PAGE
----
"I would say that I have fulfilled half of my dream -- going to graduate school would complete it," Filipaj said. Awn is confident that Filipaj will continue his education.

"I'm sure I'm going to see him in a classroom, at some point, on the other side of the desk," he said with a laugh.

According to Columbia, Filipaj wants to take a semester off to focus on his job and then he plans to start studying again, probably at Columbia, where he would get the tuition exemption.

Copyright 2012 ABC News Radio


Columbia‚Äôs Marching Band Allowed Back on the Field

iStockphoto/Thinkstock(NEW YORK) -- Columbia University’s marching band, booted from the field after it mocked its own team, will now be allowed to play during the team’s last game of the season against Brown University.

The decision to allow the band to play was a reversal of the school’s policy after the band played, “We always lose, lose, lose, by a lot, and sometimes by a little,” during halftime of last weekend’s loss to Cornell. The loss put the Columbia Lions' record at 0-9.

The band, known on campus for its sometimes politically incorrect sense of humor, altered the lyrics to the school’s fight song, offending some of the Columbia rooters in the stands. Nevertheless, the sarcastic lyrics were ultimately in line with the college’s principles of free speech, Dr. M. Dianne Murphy, director of intercollegiate athletics and physical education, told the Columbia Spectator.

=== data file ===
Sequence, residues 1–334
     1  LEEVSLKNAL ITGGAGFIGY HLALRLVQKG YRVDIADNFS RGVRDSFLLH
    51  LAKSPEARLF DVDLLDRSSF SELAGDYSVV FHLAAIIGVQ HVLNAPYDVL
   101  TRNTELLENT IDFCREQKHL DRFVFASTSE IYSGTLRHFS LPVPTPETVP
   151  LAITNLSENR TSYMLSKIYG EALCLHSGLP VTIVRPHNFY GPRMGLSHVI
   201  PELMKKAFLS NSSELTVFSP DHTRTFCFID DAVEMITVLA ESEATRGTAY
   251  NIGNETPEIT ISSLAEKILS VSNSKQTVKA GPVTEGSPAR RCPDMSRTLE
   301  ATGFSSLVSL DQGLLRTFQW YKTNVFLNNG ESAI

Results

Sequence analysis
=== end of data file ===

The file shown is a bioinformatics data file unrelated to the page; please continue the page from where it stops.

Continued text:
The prank, and the punitive measures that followed, had provoked passionate reactions on both sides. Some were pleased to see the band finally taking some flak for its “sophomoric antics,” the school newspaper reported, while others said the ban was an assault on free speech.

The Athletics Department reversed its decision late Thursday night.

Copyright 2011 ABC News Radio


NYPD Busts Columbia University Drug Ring

File photo. Photo Courtesy - Getty Images(NEW YORK) -- The NYPD has arrested five Columbia University students for their involvement in a campus drug ring.

The students, along with three off-campus drug suppliers, were indicted Tuesday and accused of selling drugs at fraternity houses and on-campus residences.

Over a three-month investigation, dubbed “Operation Ivy League,” undercover NYPD narcotics officers made 31 drug purchases from the five students. Drugs included cocaine, marijuana, ecstasy, Adderall and LSD, according to Bridget G. Brennan, Special Narcotics Prosecutor for the City of New York.
A majority of drug sales took place within three on-campus fraternities and from dorm rooms in on-campus housing.

Robert Hornsby, director of media relations for Columbia University, addressed the incident in an e-mail to students Tuesday. “Each of us, through our individual behavior and actions, helps define our campus environment,” Hornsby said. "Decisions made by individuals affect the community as a whole.  Please consider the potential impact of your actions on both your individual lives and the University community at-large.”

One of the drug dealers charged in the case also faces charges that he plotted to kidnap and kill a pair of rival cocaine traffickers he said owned him money. 

Copyright 2010 ABC News Radio